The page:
The Student Press Law Center is an advocate for student First Amendment rights, for freedom of online speech, and for open government on campus. The SPLC provides information, training and legal assistance at no charge to student journalists and the educators who work with them.
Americans have never been more reliant on students to bring them the day's news. We make sure students can fearlessly share ideas and information free from retaliation.
We're shining a spotlight in the dark crevices of campuses where financial mismanagement and safety hazards hide. Citizen engagement starts with open, accountable government.
Students want a say in education policy, and policymakers need to hear their unique perspective. We help young people use their voices to advocate for social change.
The American University student plans to donate most of the settlement to a scholarship fund for high schoolers in Ferguson who want to study journalism in college.
Two former "American Idol" contestants waited too long to file their defamation suit against the parent company of MTV and VH1, a federal appeals court decides. The ruling is the latest to apply the "single publication rule" to an article continuously available on a news website. The decision should be reassuring to online publishers -- but with some important cautions.
A committee of the Wyoming Press Association, students and university officials will form recommendations on what to do with student emails under public records law.
The California audit found 13 reporting errors. Only one college audited correctly reported its crime statistics.
Student journalist Jonathan Capriel has won a public-records reporting award for several articles that exposed hazing, inequities and consumer rip-offs at the University of Memphis.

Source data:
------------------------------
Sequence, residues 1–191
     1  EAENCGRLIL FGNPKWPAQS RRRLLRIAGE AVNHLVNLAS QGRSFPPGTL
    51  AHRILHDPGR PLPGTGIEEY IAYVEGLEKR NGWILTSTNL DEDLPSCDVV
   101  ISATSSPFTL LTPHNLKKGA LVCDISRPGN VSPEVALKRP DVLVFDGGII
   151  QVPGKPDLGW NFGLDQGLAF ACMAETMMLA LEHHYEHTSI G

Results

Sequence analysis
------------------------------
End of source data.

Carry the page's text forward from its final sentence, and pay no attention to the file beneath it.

A former student who was expelled from a Georgia university for environmental activism without a hearing has received a $900,000 settlement after eight years.
Download a diagram determining students' First Amendment rights by state.
When Jill Snyder, an eighth grade student at Blue Mountain Middle School in Orwigsburg, Pa., was reprimanded for violating the school dress code, she decided to take matters into her own hands. After school, Snyder went home to create a mock MySpace page ridiculing her school principal.
Although graduation day is traditionally a time for celebration and for new beginnings, it can bring an unhappy ending to the legal claims of a student who is challenging school censorship. In general, challenges to school policies must be raised by currently affected students. When a student graduates, a court may dismiss her claims as moot.
We need everyone's support to keep the SPLC's services free and readily available, and the backbone of support comes from contributing SPLC members.
Become a member of the ARN and provide legal representation to student journalists in need.
Have you experienced censorship as a student or educator? Share your story and how it’s affected you.
Become an SPLC Surrogate Speaker. Use this packet to share the history and mission of the Student Press Law Center with new audiences.